Sponsors: The Australian Native Food Industry (ANFIL), the Rural Industries Research and Development Corporation (RIRDC), the Department of Employment, Economic Development and Innovation (DEEDI), project number PJR-004427.
Lexicon for the Sensory Description of Australian Native Plant Foods and Ingredients
Version of Record online: 7 DEC 2012
© 2012 Wiley Periodicals, Inc.
Journal of Sensory Studies
Volume 27, Issue 6, pages 471–481, December 2012
How to Cite
Smyth, H.E., Sanderson, J.E. and Sultanbawa, Y. (2012), Lexicon for the Sensory Description of Australian Native Plant Foods and Ingredients. Journal of Sensory Studies, 27: 471–481. doi: 10.1111/joss.12012
- Issue online: 7 DEC 2012
- Version of Record online: 7 DEC 2012
- Manuscript Accepted: 1 OCT 2012
- Rural Industry Research and Development Corporation (RIRDC)
Understanding and describing “Australian flavor” has proved to be a challenge for marketers of native foods because of the diversity of unique flavor signatures exhibited. Descriptive analysis techniques were applied, using a panel of 11 experienced judges, to define and articulate the sensory properties of 18 key commercial Australian native plant foods and ingredients including fruits, herbs and spices. Quantitative descriptive data were transformed into concise and accurate verbal descriptions for each of the species. The sensory language developed during the vocabulary development panel sessions was combined, categorized and ordered to develop a sensory lexicon specific for the genre. The language developed to describe the foods and ingredients was diverse and distinctly Australian including aromas such as musk, rosella, citrus and spiced tea to eucalypt, bush scrub, fresh beetroot and wheat biscuit.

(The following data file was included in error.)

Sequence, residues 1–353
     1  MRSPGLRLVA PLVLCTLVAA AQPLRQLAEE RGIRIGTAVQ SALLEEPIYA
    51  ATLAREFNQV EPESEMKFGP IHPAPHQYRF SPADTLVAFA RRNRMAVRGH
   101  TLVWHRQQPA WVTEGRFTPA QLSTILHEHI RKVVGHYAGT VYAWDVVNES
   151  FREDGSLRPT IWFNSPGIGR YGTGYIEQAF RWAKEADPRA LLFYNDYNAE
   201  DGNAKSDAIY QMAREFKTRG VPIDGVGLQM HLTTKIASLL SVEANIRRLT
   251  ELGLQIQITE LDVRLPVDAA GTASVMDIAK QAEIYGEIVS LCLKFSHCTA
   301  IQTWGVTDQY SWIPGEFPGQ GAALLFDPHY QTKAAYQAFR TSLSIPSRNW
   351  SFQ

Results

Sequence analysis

This work provides a clear, useful means of characterizing and accurately describing the flavors of Australian native plant foods and ingredients. This information has been communicated to the native food industry, chefs, formulators, food technologists and flavor experts, and provides knowledge that will assist the wider food industry to successfully develop flavor blends and produce food products from native food ingredients. It is anticipated that extension of this information to both the local and international food markets will stimulate a renewed interest in Australian native ingredients and open new market opportunities for the industry. The data developed by this research have also formed the basis of quality control targets for emerging native foods and ingredients.